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Myocardial Infarction: New Meaning, Same Name


In 2000, MI was defined as any necrosis in the setting of myocardial ischemia. The 2007 update to this definition recognized that different conditions can lead to myocardial necrosis and 5 types of myocardial infarctions were defined.

The Third Universal Definition of Myocardial Infarction (MI), presented at the European Society of Cardiology (ESC) 2012 Congress and published in 5 international journalsa simultaneously, is the latest in a series of definitions that were first published in 2000.2 This revision, an update to the 2007 definition,3 incorporates use of the new ultrasensitive troponin assays and refined imaging techniques, which can now detect ever-smaller ischemic myocardial injury.

The document also contains a new section that describes situations in which troponin levels can be elevated in myocardial injury and cell death without overt myocardial ischemia.   

•  How do we distinguish between these two situations?

•  How are novel imaging techniques improving our diagnostic accuracy?

•  And, what are the implications of this new definition for clinical care and research?

To help put the new definition into clinical context for primary care physicians, we turn to the host of CardiologyNow, Payal Kohli, MD and her guest for this podcast, Dr Yerem Yeghiazarians. Dr Yeghiazarians is Associate Professor of Medicine and Leone-Perkins Family Endowed Chair in Cardiology at the University of California, San Francisco. He is also Co-Director, Adult Cardiac Catheterization Laboratory; Director, Peripheral Interventional Cardiology Program; Director, Translational Cardiac Stem Cell Program, Cardiovascular Research Institute, Eli and Edythe Broad Center of Regeneration Medicine and Stem Cell Research, also in San Francisco.

aCirculation, the Journal of the American College of Cardiology, the European Heart Journal, Global Heart, and Nature Reviews Cardiology.

Myocardial Infarction: New Meaning, Same Name

To review the tables mentioned in this podcast, please see the original paperin the September 25th issue of the journal Circulation.

Table 1. Elevations of Cardiac Troponin Levels Because of Myocardial Injury

Table 2. Universal Classification of Myocardial Infarction (5 different types)

Take-home Overview

In 2000, MI was defined as any necrosis in the setting of myocardial ischemia. The 2007 update to this definition recognized that different conditions can lead to myocardial necrosis and 5  types of myocardial infarctions were defined:

      Type I: spontaneous MI

      Type II: demand event or supply/demand mismatch

      Type III: sudden death, no biomarker data available

      Type IV: peri-percutaneous coronary intervention (PCI) MI

      Type V: coronary artery bypass graft (CABG)-related MI

1. The 2012 update incorporates the more sensitive troponin assays as well as imaging studies to help distinguish myocardial infarction from myocyte injury:

      a.  Biomarkers: Because current biomarker assays are so sensitive, not every biomarker elevation is interpreted as evidence of an acute MI and may instead reflect myocardial injury or renal dysfunction.  Therefore, in general, a rise and/or fall pattern in biomarkers is needed to meet the criteria for MI. However, if a patient presents late in his/her clinical course, the biomarker levels may already be falling and therefore, non-diagnostic. In these circumstances, imaging can be used to diagnose MI (see below).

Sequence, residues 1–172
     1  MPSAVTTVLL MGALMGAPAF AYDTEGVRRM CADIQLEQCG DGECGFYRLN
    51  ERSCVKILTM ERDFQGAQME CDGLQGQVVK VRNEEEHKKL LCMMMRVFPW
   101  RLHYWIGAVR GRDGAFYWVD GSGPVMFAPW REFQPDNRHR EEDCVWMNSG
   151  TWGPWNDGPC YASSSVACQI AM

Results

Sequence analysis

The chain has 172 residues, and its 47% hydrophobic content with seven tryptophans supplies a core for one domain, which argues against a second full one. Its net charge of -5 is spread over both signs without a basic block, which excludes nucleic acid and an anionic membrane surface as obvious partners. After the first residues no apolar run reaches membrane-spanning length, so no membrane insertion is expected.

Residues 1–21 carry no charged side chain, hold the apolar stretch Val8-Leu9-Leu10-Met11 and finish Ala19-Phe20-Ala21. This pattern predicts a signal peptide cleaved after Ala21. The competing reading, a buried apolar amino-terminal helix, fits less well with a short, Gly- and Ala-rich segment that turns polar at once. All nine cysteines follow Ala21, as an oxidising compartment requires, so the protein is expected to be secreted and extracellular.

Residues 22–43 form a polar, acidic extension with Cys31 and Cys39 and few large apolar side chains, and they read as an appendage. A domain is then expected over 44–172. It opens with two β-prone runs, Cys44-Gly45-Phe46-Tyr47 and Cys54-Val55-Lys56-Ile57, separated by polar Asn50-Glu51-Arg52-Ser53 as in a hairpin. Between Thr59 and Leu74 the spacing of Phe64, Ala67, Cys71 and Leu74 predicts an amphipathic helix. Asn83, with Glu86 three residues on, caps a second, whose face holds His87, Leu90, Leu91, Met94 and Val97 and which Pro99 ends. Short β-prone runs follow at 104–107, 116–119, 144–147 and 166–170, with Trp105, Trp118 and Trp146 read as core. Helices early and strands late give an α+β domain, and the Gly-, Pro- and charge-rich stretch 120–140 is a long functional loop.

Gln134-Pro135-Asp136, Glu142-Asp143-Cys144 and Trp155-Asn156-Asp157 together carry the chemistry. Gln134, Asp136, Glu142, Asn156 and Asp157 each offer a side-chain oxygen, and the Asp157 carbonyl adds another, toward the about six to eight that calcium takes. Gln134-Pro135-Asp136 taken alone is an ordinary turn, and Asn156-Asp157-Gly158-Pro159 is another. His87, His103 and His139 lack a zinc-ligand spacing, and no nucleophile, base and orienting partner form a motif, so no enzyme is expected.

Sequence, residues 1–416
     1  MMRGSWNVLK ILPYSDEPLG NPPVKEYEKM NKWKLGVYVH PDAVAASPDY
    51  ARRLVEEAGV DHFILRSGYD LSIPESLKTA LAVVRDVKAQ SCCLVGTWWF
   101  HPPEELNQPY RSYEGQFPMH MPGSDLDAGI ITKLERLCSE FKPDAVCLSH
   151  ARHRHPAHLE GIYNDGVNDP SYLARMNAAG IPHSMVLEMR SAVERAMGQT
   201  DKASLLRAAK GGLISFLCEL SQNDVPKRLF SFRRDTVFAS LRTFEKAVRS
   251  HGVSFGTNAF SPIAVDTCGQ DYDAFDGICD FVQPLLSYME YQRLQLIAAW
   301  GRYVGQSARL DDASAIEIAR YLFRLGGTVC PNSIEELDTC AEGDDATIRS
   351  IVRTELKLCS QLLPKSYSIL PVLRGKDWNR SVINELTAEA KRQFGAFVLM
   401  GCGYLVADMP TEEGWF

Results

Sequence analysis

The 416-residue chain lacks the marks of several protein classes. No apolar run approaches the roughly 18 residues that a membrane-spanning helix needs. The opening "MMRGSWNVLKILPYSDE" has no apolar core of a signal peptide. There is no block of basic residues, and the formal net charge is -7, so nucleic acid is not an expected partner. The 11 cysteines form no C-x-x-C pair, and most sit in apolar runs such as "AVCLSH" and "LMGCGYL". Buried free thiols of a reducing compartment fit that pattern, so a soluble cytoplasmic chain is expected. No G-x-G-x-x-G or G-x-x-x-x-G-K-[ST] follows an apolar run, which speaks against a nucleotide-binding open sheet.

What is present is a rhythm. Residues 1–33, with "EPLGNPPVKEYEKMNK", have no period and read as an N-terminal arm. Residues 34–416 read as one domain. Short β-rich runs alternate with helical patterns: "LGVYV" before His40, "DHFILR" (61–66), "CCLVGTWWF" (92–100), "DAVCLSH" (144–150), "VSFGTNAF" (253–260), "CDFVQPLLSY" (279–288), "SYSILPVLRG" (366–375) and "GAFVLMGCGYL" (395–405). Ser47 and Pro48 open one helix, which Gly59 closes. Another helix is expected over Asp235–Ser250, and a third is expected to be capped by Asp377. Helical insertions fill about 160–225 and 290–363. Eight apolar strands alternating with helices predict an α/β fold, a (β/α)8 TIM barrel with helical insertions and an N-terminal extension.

b.  Imaging: Technological advances in imaging technologies, including echocardiogram, radionuclide, MRI and CT scans have improved the ability to apply these modalities to patients who may be presenting late with falling troponins or those who are already biomarker-negative. New loss of myocyte viability (as evidenced by myocardial contraction, the presence of fibrosis, etc.) on these modalities can now be used to diagnose MI.  Furthermore, the negative predictive value of these tests is high and can be used to rule out MI in patients who are biomarker negative.

2. This new definition is valuable because it provides improved clinical diagnostic accuracy and a standardized tool for research studies.


1. Thygesen K, Alpert JS, Jaffe AS, Simoons ML, Chaitman BR, White HD; Writing Group on behalf of the Joint ESC/ACCF/AHA/WHF Task Force for the Universal Definition of Myocardial Infarction. [Published online ahead of print August 24, 2012.] Circulation. http://circ.ahajournals.org/content/early/2012/08/23/CIR.0b013e31826e1058.full.pdf

2. Alpert JS, Thygesen K, Antman E, Bassand JP. Myocardial infarction redefined-a consensus document of The Joint European Society of Cardiology/American College of Cardiology Committee for the redefinition of myocardial infarction. J Am Coll Cardiol. 2000 Sep;36(3):959-69. Abstract available at: http://www.ncbi.nlm.nih.gov/pubmed/10987628

3. Thygesen K, Alpert JS, White HD; Joint ESC/ACCF/AHA/WHF Task Force for the Redefinition of Myocardial Infarction.  Universal definition of myocardial infarction. Circulation. 2007;116:2634-2653. Full text PDF available at: http://circ.ahajournals.org/content/116/22/2634.full.pdf

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